The BBC issued a statement in a lengthy defense of its decision to show extensive coverage of Whitney Houston’s funeral.
BBC was forced into the response after receiving 118 complaints about the way the broadcaster’s news channel had remained “glued” to the ceremony on Saturday, sparking accusations that it had been “voyeuristic”.
The British broadcaster admitted that the “duration” of its coverage was “too long” for some viewers and said it was “sorry” it was not to the “satisfaction” of all its audience.
However, BBC said the singer had made a “substantial impact on late twentieth century music” and that her death had come as “a great shock to the wider music industry and to her millions of fans”.
In its response,BBC admitted that the funeral service had lasted “significantly longer” than any broadcasters had expected and said once it had “committed” to showing the ceremony it would not have been “appropriate” to “opt out” any earlier than it did.
For some viewers BBC’s decision to focus so much time on the ceremony sparked concerns that other events were not being given enough coverage.
One said: “Yes, Whitney was wonderful singer but hours and hours of live broadcast of funerals on CNN and BBC and wherever is getting to feel kind of strange.”
Another viewer said: “Much as I understand sadness at the death of Whitney Houston would BBC and Sky kindly get on to some real news.”
“Kinda weird that Sky News and BBC News 24 are live streaming Whitney Houston’s Funeral. Feels voyeuristic,” added another viewer.
Stevie Wonder, Alicia Keys, R Kelly and a host of gospel stars performed at Saturday’s service at New Hope Baptist Church in Newark, New Jersey.
Actor Kevin Costner, who starred with Houston in The Bodyguard, fought back tears as he gave a moving eulogy.
The BBC, which is also understood to have received about 35 complaints that it had interrupted coverage of the service, said the decision to air the funeral had been made “very carefully”.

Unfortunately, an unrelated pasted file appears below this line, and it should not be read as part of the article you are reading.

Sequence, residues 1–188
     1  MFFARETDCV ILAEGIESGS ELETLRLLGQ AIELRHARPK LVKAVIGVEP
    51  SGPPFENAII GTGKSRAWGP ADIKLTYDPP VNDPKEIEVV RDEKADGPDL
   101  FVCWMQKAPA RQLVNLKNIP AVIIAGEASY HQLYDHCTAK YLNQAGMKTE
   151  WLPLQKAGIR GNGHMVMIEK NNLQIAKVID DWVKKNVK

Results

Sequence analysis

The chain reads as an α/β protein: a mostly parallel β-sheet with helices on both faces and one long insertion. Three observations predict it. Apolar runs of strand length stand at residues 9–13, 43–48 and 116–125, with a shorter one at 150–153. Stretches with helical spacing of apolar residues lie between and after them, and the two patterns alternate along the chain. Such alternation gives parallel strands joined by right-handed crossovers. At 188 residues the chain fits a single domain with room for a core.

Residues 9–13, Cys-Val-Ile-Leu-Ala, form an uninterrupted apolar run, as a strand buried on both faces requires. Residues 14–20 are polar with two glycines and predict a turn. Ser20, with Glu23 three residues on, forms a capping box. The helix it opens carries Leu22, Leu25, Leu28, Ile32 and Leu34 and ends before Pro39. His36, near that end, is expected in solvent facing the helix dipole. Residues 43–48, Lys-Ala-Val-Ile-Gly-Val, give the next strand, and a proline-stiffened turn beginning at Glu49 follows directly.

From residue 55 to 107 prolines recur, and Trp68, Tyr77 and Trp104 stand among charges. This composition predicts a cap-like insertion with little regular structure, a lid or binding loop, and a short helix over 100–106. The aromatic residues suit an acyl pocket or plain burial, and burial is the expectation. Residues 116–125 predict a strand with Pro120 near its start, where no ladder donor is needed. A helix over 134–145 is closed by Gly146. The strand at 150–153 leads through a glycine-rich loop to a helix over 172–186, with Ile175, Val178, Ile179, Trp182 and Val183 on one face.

BBC statement said: “We know from our audiences across the BBC as a whole that there was significant interest in the death of Whitney Houston, and we wanted to provide for that audience full, live coverage of the occasion.
“This was the funeral of a recording artist who had a substantial impact on late twentieth century music and whose death had come as a great shock to the wider music industry and to her millions of fans.
“This was reflected in our viewing figures and they show that the coverage of the funeral drove significantly higher audiences for the News Channel during this period compared to the rest of Saturday.
“We recognize that the duration of the coverage was too long for some viewers, but we kept the news ticker going on screen throughout and those who wanted other news of the day could have turned over to BBC 1 for the main tea time bulletin there.
“The funeral of Whitney Houston gave us an opportunity to bring a significant and moving story live to our audience. We are sorry if this wasn’t to the satisfaction of all our viewers but it is part of the News Channel function to be there when major stories take place, and we felt that this was such an occasion.”
A BBC spokeswoman said: “The News Channel’s coverage of Whitney Houston’s funeral reflected the significant interest in her sudden death as well as acknowledging the impact she had as a global recording artist.
“While some people felt there was too much coverage, we kept the news ticker going throughout, BBC1 ran the main teatime bulletin and there were normal radio bulletins along with the website and mobile app services, providing viewers with the best access to the day’s other news stories.”